Last week, as I drove through Indiana's Parke County, I often found myself thinking that the trees were just about a week from peak color. Even more frequently I thought how nice it would be if the sky wasn't three quarters gray. I had similar thoughts about the trees in Brown County Ohio when I visited there four weeks ago. Realizing that this weekend promised dry and warm (for the end of October) weather, I first thought of heading back to Brown County. Then I stopped by Ohio's Scenic Byway website and spotted the Morgan County Scenic Byway south east of Columbus. That looked inviting plus the area wouldn't be quite so familiar. So, after a day at my Dad's, I headed east instead of south and spent the night in Lancaster - about twenty miles from the east end of the byway.

My motel was in the middle of a big chain restaurant cluster but I went to the internet and located a few independent candidates for dinner. The nearest worked just fine. The food was merely OK but, even though dinner was the stated goal, I think finding the Taverne at the Mill was a good bit of luck. What better place to stop on the Saturday before Halloween than a haunted bar with costume party planned? Real ghosts are reported to stop by the Taverne from time to time and today some normal living folks are dressed like the supposedly deceased. I didn't attempt to distinguish the two groups.

Only after reading through a local visitor's guide did I learn that I was again in a county with a large covered bridge population. It isn't entirely clear where Fairfield County ranks in the list of bridge collections but I think it is second in Ohio and third in the country. The printed guide claimed that it was second in the state with sixteen. The excellent Ohio Barns website, which covers a whole lot more than Ohio and a whole lot more than barns, lists 19 for Fairfield County and 24 for Ashtabula County. The ODOT site credits both counties with 16. Of course, everybody recognizes Indiana's Parke County, where I was last week, as number one in the nation with 39 covered bridges.

So, even though bridges were not the day's primary target and I've kind of loaded up on them lately, I had to visit a couple. The closest and easiest were Roley School House and George Hutchins bridges. Both have been moved from their original locations and neither is open to anything other than foot traffic. The Roley School House Bridge is currently just inside the county fairgrounds in Lancaster and the George Hutchins Bridge is in Alley Park a little south of town. The third picture is also in Alley Park showing the lodge at the edge of lake Loretta.

I saw a bright silver diner off to the left of US-33 and decided that it looked like a good place for breakfast. Then, when I pull up in front, I saw that it's not yet open. Probably won't be until next spring according to two fellows I talked to in the adjacent flea market. I strolled through the not quite open market area - lots of "frosted" glassware - and got a cup of coffee. I assume that the barn is the current official bicentennial barn for Hocking County but I'm not 100% sure. Ohio's official bicentennial website has been retired and this is not the barn pictured at Ohio Barns. That site reports that the barn it shows has been torn down so I'm guessing that this one is a replacement.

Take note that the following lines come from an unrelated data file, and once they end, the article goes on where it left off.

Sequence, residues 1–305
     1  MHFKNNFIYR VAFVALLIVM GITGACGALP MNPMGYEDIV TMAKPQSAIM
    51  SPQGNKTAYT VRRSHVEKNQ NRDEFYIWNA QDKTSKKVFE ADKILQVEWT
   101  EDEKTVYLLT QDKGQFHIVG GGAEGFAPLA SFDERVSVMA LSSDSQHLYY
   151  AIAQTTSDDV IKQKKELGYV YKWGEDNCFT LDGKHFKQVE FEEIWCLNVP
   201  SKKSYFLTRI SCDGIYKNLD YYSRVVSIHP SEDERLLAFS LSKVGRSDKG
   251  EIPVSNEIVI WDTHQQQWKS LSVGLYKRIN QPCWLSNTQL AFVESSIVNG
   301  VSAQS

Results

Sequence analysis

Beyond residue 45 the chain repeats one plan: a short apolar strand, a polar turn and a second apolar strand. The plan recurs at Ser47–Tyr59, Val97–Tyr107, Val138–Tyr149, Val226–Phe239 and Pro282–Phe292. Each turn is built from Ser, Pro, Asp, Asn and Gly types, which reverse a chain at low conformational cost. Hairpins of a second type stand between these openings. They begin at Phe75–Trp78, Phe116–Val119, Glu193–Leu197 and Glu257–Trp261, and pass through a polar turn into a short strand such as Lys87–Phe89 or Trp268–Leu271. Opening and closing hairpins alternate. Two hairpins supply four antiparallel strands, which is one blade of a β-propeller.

OH-78 starts in Nelsonville and the Morgan County Scenic Byway starts about eighteen miles east at Burr Oak State Park. The first scenic byway sign is visible at the right side of the first picture. Between Nelsonville and Morgan County, OH-78 passes through the towns of Murray City and Glouster and crosses the Hocking-Athens county line no less than four times. The Ohio Byways site calls the section between the Burr Oak Park and the Wolf Creek Wildlife Area "Rim of the World". There are some great views but I don't think many will confuse it with the Rim of the World Highway in California.

The 1858 Morgan County Courthouse and 1890 Opera House form two sides of McConnelsville's town diamond. It's not quite the same as a town square since the surrounding buildings are set at an angle to the intersecting streets so that the streets enter and exit the square/diamond at the corners.

This scenic overlook is at Miners Memorial Park. The thing that catches everyone's attention at the park is the 220-cubic-yard bucket from the Big Muskie. The Big Muskie worked in nearby coal mining operations from 1969 until 1991 and, during that time, moved over twice the amount of earth moved for the Panama Canal.

After a short stretch on OH-83, the byway follows OH-284 to the county line. Just a half dozen miles into Muskingum, OH-284 goes by The Wilds. Of course, it was strip mining that the Big Muskie carried on and it made some mighty big scars. In 1986 over 9,000 acres of that land were donated to the International Center for the Preservation of Wild Animals and North America's largest open-range preserve was born. Timing and weather were just right for taking the open air tour although not too many others seemed to think so. Guide Jaime had only me and a family of four to deal with and we got a great tour. Some species (e.g., giraffes) were already inside for the winter but we got to see many others up close and personal. Note Jaime's special Halloween Eve head gear. With few exceptions, all species at The Wilds are endangered and both the land and many threatened animals are being benefited.

[Site Home] [Contact]